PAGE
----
Mathematics, Statistics, and Computer Science
variability, Stat 101, randomization-based, second course
The demands for a statistically literate society are increasing, and the introductory statistics course ("Stat 101") remains the primary venue for learning statistics for the majority of high school and undergraduate students. After three decades of very fruitful activity in the areas of pedagogy and assessment, but with comparatively little pressure for rethinking the content of this course, the statistics education community has recently turned its attention to use of randomization-based methods to illustrate core concepts of statistical inference. This new focus not only presents an opportunity to address documented shortcomings in the standard Stat 101 course (for example, improving students’ reasoning about inference), but provides an impetus for re-thinking the timing of the introduction of multivariable statistical methods (for example, multiple regression and general linear models). Multivariable methods dominate modern statistical practice but are rarely seen in the introductory course. Instead these methods have been, traditionally, relegated to second courses in statistics for students with a background in calculus and linear algebra. Recently, curricula have been developed to bring multivariable content to students who have only taken a Stat 101 course. However, these courses tend to focus on models and model-building as an end in itself. We have developed a preliminary version of an integrated one to two semester curriculum which introduces students to the core-logic of statistical inference through randomization-methods, and then introduces students to approaches for protecting against confounding and variability through multivariable statistical design and analysis techniques. The course has been developed by putting primary emphasis on the development of students’ conceptual understanding in an intuitive, cyclical, active-learning pedagogy, while continuing to emphasize the overall process of statistical investigations, from asking questions and collecting data through making inferences and drawing conclusions. The curriculum successfully introduces introductory statistics students to multivariable techniques in their first or second course.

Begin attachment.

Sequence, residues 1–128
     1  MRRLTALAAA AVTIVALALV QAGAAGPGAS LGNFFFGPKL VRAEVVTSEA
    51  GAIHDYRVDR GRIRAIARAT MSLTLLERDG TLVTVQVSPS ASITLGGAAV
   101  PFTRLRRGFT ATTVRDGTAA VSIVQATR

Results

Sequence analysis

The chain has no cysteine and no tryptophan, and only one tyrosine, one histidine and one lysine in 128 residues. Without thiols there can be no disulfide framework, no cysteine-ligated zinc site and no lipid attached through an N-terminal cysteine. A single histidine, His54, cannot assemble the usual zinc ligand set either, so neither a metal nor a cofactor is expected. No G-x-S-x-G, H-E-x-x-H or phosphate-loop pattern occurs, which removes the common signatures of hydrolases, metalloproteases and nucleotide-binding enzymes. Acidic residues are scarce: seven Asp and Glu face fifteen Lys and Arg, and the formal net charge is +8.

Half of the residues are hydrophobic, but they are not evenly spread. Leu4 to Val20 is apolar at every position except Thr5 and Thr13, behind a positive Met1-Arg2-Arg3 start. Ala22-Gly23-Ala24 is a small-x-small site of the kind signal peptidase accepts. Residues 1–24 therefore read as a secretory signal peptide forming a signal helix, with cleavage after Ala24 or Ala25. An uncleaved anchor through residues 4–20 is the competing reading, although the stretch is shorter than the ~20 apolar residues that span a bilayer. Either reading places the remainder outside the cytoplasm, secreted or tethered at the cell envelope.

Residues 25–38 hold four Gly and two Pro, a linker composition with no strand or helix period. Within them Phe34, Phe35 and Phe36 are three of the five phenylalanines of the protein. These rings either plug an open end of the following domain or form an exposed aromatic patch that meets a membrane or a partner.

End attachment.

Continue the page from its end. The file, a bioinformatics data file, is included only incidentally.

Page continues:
Source Publication Title
Proceedings of the World Congress on Statistics
International Statistical Institute
Tintle NL, Chance B, Cobb G, Rossman A, Roy S, Swanson T and VanderStoep J. (2013) “Challenging the state of the art in post-introductory statistics: preparation, concepts and pedagogy.” Proceedings of the world congress on statistics. http://2013.isiproceedings.org/Files/IPS032-P1-S.pdf